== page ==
Some Germans lament, "Our language has never been in worse shape." And some even worry an English invasion will make their language obsolete. What better time to worry than on International Mother Language Day.
Languages are like plants. They die if they're not taken care of. According to UNESCO figures, around half of all spoken languages are at risk of becoming extinct. One indication that this is true is that the estimated 6,000 languages spoken by 90 percent of the world's population cannot be found on search engines. They cannot be found on the net. They simply don't exist in the cyber world. So it's obvious what is meant when UNESCO speaks of an increasing danger to the world's linguistic diversity.
What constitutes this diversity? Let's take an example from today's occasion. "Saturday" in German is "Samstag," "samedi" in French, "sobota" in Polish, "Sávvato" in Greek, "lauantai" in Finnisch, "szombat" in Hungarian, "Cumartesi" in Turkish, "sâmbătă" in Romanian, "zaterdag" in Dutch, "subbota" in Russian, "sestdiena" in Latvian, "lørdag" in Norwegian, "Hari Sabtu" in Indonesian, "sábado" in Spanish, "xīngqíliù" in Chinese, "e shtunë" in Albanian, "Sabota" in Macedonian and "Śanibāra" in Bengali.
Keeping the cultural wealth of humanity
And this is what it's all about on International Mother Language Day: preserving this diversity. Because the diversity of languages is the cultural capital of humanity. If we don't want to turn into a monoculture in the future, we have to preserve our own language. That's the only way to ensure that "Saturday" is not called "Saturday" in every corner of the earth.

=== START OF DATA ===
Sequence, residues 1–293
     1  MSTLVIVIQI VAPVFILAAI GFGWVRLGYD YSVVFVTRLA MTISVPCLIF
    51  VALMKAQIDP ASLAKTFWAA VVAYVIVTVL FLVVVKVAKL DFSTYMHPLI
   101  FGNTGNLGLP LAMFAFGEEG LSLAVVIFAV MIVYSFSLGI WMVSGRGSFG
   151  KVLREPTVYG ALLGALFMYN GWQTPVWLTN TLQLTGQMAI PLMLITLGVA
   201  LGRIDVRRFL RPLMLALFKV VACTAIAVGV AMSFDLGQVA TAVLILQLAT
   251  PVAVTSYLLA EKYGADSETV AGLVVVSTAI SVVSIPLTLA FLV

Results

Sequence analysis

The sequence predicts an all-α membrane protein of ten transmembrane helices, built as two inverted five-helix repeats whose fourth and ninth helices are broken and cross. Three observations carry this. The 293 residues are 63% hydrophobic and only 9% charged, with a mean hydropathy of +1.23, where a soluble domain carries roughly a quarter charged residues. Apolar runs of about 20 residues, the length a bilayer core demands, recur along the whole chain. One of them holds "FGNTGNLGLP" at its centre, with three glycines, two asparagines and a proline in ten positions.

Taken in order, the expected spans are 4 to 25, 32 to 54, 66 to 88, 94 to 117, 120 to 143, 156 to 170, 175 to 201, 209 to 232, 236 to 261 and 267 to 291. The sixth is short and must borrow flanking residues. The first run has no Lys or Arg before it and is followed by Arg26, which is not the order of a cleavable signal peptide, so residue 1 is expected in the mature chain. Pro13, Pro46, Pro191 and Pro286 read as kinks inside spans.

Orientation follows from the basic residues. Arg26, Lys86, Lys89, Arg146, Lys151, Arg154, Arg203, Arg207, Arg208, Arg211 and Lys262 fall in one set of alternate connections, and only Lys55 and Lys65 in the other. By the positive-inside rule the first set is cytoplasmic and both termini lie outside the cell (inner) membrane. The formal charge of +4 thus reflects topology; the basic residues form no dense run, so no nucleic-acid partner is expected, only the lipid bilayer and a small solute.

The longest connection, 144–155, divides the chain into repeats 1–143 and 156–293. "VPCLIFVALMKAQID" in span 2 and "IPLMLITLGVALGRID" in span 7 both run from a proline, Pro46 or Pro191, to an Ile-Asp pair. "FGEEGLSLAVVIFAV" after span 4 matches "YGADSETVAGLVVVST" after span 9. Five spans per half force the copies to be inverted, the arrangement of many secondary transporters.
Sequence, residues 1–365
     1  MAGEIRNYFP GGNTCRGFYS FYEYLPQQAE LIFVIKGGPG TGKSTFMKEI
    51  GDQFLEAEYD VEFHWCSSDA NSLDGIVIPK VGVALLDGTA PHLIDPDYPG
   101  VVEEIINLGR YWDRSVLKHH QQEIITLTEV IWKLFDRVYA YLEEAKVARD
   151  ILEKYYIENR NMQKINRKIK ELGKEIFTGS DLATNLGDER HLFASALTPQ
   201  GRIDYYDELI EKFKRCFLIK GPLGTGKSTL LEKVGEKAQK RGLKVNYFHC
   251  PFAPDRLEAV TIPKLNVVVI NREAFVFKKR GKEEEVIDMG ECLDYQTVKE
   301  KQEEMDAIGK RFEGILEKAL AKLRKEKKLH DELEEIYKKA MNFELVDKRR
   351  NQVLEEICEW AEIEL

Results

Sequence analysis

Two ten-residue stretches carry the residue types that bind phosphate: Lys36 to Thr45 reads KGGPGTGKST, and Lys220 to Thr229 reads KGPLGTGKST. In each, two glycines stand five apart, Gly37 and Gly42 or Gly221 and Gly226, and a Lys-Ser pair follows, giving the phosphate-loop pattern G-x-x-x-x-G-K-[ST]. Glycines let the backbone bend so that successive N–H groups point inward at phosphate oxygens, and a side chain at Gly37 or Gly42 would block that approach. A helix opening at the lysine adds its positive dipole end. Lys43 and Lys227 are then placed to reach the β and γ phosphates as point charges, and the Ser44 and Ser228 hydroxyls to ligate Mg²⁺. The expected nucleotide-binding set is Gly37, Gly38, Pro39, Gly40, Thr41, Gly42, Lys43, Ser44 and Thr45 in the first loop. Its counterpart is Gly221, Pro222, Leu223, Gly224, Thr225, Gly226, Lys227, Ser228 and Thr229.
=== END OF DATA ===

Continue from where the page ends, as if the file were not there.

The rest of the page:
But the native language today by itself is not enough. In the modern economy, science and technology, there is an increasing prevalence of the use of the English language. That's why it's important and correct to learn English as a universal second language. Nothing more, nothing less.
But this universal second language is only desirable so long as it doesn't marginalize other native languages. The goal must be to preserve one's own native language, and learn at least one or two foreign languages and not mix English with one's own language (which results in a horrendous "Denglisch" when mixed with German, or "Spanglish" or "Franglais.")
It's all about finding the balance between one's own language and foreign ones. And then only adopting what really makes sense. Because when it comes to languages, those who don't cherish their own identity become lost in the naive overestimation of the "alien."
Love your own
Not everything that sounds modern or exciting in our ears is new. English words that have entered the German language, such as "news," "talk," "fun," and "show," have been used for hundreds of years. Even the word "lover" was used in a poem by Shakespeare around 400 years ago.
These old words are still good enough for Anglophones, who use them to name things in the modern world. The word "chat" has also spread with the use of Internet and now has meaning for lots of people all over the world. Though its original meaning has nothing to do with the digital world, it is still used today to describe something "avant-garde."
What is behind this linguistic self-sufficiency? It's probably love. Love for one's own native language. And in this regard, speakers of German have something to learn from their Anglophone cousins: treating one's own language in an affectionate manner.
So it would make sense, at least today, on International Mother Language Day, to listen to the lovers of language - to listen to their complaints and worries and reflect: how do I use my native language?